JTF (just the facts): Published in 2013 by Akaaka Art Publishing (here). Softbound, 112 pages, with 97 black and white/color photographs. The book also includes an essay in Japanese and English by Shino Kuraishi. (Spread shots below.)
Comments/Context: At first glance, Taiji Matsue’s new book TYO-WTC might seem baffling – in page after page, a dense warren of nameless Tokyo streets is seen from above, and if you flip through them quickly enough, all the images will merge into one indistinct blur of seemingly identical nondescript buildings. But don’t put the book back down on the display table, wondering who would publish such an apparently dull collection of photographs; sit down and slowly look at each image in sequence and the conceptual framework of this project will quietly reveal itself.
When we think about photographing time, the simplest solution is a before and after pairing of two images, where we we can compare the two photographs and remark on the changes that have occurred in the interval between the two shutter clicks. Time flows forward, like the arc of a narrative, and a single point of view provides us with enough information to draw conclusions about what has happened.
Matsue’s elevated views of Tokyo question this whole premise and introduce a more complicated way of seeing time photographically. Over a period of several years, Matsue made images of the city from basically one location, employing four alternate views taken from roughly the same spot. Making pictures in both black and white and color, he documented the never ending transformation of vacant lots into apartment blocks and business towers, witnessed the destruction of old buildings and the rising of new ones, and captured hundreds of tiny changes (the growth of trees, the painting of an exterior, the addition of satellite dishes, a day with light snow cover etc.) to the landscape of this urban neighborhood.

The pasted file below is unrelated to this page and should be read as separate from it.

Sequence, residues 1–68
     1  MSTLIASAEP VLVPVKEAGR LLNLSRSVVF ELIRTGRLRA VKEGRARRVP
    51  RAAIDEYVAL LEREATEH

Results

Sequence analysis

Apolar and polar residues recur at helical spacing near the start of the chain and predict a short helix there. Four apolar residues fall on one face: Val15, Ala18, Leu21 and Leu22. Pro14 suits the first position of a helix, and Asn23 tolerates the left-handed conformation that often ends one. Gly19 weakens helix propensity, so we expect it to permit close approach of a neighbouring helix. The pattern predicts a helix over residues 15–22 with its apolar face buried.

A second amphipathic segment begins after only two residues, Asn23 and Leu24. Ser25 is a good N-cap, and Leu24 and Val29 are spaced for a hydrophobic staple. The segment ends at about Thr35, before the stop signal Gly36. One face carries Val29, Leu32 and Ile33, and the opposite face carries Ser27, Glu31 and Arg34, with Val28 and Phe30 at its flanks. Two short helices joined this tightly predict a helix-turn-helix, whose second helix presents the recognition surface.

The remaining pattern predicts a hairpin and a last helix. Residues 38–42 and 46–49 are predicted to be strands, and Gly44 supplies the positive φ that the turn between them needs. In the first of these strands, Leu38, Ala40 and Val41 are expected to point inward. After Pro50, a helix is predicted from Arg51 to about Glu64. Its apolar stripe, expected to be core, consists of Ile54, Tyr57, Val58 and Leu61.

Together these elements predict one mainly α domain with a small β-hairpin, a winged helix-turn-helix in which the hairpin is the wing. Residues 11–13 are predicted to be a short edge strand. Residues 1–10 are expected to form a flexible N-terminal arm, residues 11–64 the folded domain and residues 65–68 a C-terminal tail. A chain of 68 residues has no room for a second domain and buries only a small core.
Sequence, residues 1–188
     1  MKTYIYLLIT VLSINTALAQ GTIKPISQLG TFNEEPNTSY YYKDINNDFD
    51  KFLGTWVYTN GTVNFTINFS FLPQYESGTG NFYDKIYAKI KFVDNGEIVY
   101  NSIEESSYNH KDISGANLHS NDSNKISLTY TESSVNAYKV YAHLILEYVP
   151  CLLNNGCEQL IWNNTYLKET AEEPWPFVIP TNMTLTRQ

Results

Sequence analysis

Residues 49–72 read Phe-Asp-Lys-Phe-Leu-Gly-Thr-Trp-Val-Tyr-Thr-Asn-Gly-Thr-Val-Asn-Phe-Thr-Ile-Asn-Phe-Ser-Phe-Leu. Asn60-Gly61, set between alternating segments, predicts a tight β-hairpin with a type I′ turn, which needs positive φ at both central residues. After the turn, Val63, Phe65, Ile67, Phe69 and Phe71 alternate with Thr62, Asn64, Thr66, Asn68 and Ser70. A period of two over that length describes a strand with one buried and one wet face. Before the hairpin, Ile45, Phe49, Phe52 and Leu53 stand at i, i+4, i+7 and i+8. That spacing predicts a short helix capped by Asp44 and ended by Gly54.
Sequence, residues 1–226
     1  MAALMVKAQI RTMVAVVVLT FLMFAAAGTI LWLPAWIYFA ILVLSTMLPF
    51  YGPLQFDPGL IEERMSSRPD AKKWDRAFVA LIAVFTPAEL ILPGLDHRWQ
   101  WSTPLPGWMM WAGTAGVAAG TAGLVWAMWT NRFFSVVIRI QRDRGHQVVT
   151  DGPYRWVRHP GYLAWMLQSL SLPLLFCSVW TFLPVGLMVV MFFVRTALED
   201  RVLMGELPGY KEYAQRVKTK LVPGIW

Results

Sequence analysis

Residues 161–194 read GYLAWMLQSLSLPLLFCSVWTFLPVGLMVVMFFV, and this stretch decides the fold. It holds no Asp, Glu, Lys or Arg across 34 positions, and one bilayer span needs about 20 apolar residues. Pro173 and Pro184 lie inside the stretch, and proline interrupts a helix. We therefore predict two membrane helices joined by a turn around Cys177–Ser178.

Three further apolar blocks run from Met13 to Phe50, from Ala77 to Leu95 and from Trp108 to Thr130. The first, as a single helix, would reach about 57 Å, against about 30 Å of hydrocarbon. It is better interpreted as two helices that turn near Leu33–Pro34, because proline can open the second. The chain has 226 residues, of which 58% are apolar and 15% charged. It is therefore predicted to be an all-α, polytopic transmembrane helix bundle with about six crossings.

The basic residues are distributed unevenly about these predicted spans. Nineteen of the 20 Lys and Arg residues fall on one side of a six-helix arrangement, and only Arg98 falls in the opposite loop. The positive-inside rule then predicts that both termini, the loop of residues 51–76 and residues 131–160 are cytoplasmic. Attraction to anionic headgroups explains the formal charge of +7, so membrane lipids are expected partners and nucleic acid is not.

But instead of laying them out end to end, in one long linear chain of subtle differences, he has organized them a series of paired diptychs that flow in a lilting forward and back rhythm. Starting with one vantage point, he slowly moves forward in time (a new building sprouting up, changing the geometric relationships to those around it), and then reverses, the intermediate construction steps unwinding step by step. He then switches the angle of view just slightly, jumps from black and white to color, and repeats the out and back process, allowing us to see the same story of destruction and construction replayed. This process happens four times, upending the idea that time is a one way chronological progression. Seen this way, Matsue’s version of time is something more continuous, like the in and out motion of reeling a fishing line or the play and rewind of a cassette tape. Construction starts, finishes, and starts again in a transient evolving flow, the minute differences from image to image helping us to follow which way we are travelling. Together, the images pile up into a larger essence of the breath of life in the city.
Even though these pictures have been executed with rigorous precision, Matsue’s visualization of photographic time is altogether less strict than our usual notion of storytelling. It’s more like a meditative accumulation, where if we look closely, we can track time in sweeps and twists. Anchored by the simple up and down of an apartment building, we become acutely attuned to the world shifting around us. This small unassuming book will likely be overlooked by many, but those that invest the effort to carefully follow Matsue’s lead will be rewarded with a rich example of innovative photographic thinking.
Collector’s POV: Matsue’s work is represented in New York by private dealer Amador Gallery (here) and in Frankfurt by L.A. Galerie (Lothar Albrecht) (here). His work has not been widely available in the secondary markets, so gallery retail likely remains the best option for those collectors interested in following up.